KU News Release
March 13, 2012
Contact: Mike Krings, KU News Service, 785-864-8860
KU's expansive Irish literature collection would make St. Patrick proud
LAWRENCE — There’s an old saying that everyone is a little Irish on St. Patrick’s Day. The KU Libraries are a lot Irish every day, thanks to one of the largest collections of Irish literature in existence outside of Ireland.
Elspeth Healey, special collections librarian, oversees the Irish collections in KU’s Kenneth Spencer Research Library, including 25,000 items from the library of Irish nationalist, civil servant and writer P. S. O’Hegarty. She can speak to media about the items in the collections, including works by James Joyce, William Butler Yeats and Irish political literature — including newspapers, political pamphlets, broadsheets, local history publications, songs and scholarly works — from the 17th century on.
Recent acquisitions of Irish materials include “Under the Influence,” a 2011 photography book by Irish-born photographer Alen MacWeeney, containing 27 leaves of black-and-white photographs taken in 1965 in Ireland, the centennial of Yeats’ birth. The volume, which interweaves the photos with paper vellum sheets containing excerpts of Yeats’ poetry, is limited to 30 copies.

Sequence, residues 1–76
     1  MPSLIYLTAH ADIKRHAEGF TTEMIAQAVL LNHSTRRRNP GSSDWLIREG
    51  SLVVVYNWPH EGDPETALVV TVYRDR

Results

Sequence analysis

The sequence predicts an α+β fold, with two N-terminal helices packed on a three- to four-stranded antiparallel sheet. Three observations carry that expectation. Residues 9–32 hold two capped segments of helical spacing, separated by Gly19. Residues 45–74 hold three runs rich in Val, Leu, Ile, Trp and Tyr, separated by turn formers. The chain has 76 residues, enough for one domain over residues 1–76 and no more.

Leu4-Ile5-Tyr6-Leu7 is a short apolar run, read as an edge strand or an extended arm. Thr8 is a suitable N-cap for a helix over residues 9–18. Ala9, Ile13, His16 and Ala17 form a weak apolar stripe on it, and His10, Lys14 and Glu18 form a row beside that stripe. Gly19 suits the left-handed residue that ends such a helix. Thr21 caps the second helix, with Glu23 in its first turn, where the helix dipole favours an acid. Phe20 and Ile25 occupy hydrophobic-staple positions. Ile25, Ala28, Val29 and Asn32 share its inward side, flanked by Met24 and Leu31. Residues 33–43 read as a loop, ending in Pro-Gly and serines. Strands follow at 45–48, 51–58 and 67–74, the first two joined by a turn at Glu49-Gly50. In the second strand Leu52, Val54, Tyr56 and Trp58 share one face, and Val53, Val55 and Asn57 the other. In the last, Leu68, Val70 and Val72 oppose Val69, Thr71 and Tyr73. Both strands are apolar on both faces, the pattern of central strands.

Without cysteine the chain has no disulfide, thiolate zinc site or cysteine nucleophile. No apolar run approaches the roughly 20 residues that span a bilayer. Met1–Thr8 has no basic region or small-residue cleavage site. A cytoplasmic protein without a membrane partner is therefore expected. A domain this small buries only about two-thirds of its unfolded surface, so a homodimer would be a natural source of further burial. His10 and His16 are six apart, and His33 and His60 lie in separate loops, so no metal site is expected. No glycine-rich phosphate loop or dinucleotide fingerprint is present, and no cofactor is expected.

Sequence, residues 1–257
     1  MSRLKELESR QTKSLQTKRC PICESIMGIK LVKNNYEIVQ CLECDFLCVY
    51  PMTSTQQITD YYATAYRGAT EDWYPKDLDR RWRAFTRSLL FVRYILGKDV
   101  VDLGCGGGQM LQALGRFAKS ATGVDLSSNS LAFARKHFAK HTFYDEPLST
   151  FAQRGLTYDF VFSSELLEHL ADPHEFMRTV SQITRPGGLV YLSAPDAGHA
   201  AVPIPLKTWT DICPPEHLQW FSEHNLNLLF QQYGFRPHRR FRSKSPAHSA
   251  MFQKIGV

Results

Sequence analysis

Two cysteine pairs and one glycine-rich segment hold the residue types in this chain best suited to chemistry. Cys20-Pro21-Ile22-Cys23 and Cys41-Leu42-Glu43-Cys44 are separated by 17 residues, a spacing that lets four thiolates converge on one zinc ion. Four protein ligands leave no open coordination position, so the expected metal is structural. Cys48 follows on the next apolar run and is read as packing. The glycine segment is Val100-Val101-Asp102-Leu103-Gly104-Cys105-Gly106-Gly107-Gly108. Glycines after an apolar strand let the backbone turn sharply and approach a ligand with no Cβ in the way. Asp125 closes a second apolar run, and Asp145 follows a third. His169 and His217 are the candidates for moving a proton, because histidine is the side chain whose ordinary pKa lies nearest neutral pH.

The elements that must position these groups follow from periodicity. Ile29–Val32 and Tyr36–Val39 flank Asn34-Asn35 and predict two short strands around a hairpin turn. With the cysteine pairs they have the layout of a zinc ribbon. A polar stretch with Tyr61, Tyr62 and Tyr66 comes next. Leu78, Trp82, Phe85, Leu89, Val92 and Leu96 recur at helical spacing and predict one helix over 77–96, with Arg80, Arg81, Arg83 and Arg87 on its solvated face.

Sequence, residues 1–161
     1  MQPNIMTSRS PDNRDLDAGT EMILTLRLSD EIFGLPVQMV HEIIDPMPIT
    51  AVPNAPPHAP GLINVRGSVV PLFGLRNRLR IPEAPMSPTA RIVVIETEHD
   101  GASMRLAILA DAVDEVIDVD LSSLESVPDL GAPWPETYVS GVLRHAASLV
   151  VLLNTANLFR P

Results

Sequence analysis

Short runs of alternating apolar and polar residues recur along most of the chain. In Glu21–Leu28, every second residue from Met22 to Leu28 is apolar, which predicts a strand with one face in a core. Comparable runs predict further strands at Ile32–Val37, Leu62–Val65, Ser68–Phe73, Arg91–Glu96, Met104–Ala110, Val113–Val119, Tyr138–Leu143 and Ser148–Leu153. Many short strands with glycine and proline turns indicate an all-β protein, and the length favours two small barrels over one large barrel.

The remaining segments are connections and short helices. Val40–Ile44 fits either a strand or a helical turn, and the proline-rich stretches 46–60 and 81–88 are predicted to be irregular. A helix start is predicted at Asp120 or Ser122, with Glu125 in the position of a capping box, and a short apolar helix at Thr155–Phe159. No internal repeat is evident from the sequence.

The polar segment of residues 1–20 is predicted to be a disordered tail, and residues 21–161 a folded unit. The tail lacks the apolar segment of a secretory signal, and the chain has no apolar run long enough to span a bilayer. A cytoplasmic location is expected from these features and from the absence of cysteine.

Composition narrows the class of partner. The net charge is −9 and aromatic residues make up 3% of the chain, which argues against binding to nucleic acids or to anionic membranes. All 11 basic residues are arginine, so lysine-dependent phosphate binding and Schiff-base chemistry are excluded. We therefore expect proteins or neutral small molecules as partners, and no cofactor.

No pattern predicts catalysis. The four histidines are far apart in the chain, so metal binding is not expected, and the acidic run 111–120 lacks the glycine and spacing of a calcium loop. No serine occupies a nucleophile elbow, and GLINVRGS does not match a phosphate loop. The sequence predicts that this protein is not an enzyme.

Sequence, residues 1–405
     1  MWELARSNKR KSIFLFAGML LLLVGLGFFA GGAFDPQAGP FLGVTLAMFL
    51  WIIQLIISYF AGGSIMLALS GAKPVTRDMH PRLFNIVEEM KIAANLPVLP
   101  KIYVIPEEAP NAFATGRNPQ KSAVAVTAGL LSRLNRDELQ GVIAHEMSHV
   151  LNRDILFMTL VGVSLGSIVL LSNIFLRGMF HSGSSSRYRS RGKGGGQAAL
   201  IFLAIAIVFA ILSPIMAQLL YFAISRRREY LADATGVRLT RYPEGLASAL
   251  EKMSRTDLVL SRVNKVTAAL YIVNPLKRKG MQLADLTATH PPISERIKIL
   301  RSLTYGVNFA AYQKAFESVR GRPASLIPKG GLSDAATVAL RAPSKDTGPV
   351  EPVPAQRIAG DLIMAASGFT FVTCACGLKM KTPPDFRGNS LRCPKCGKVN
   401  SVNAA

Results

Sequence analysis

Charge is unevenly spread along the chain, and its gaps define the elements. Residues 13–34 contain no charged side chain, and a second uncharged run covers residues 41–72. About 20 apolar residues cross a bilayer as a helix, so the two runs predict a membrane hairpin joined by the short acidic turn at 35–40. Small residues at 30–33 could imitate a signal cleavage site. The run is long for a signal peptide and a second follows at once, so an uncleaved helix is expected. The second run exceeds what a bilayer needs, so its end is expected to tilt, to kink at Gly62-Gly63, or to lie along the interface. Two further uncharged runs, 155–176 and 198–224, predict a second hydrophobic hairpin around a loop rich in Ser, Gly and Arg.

Other collection highlights:
James Joyce: The library contains more than 900 items dedicated to the author, including all first editions of his works except five minor items printed for copyright purposes. It contains numerous books and pamphlets devoted to the author and his works and more than 200 books and periodicals containing critical and biographical material. Particularly uncommon are copies of the two broadsides, “The Holy Office” (1904 or 1905) and “Gas from a Burner” (1912), the latter bearing in holograph the author’s story of the destruction of the first (Dublin) edition of “Dubliners.” Also present is a copy of the first edition of “Ulysses” in French, signed by Stuart Gilbert, who oversaw the translation, and inscribed by Joyce to his daughter Lucia on the date of issue; this copy has the novelty of bearing the strange post-mortem bookplate of the author. There is also a copy of the elusive “Pomes Penyeach” (Cleveland, 1931).
William Butler Yeats: The William Butler Yeats collection is a remarkably rich one: All of Yeats’ works in first edition except the scarce “Mosada” (1886) and “The Hour-Glass” (1903), with many later and variant editions and printings; books edited or containing contributions by Yeats; several scores of books from his personal library (including copies of his own works with his annotations); and the published “Debates of the Irish Parliament,” in which Yeats was a senator from the beginning.
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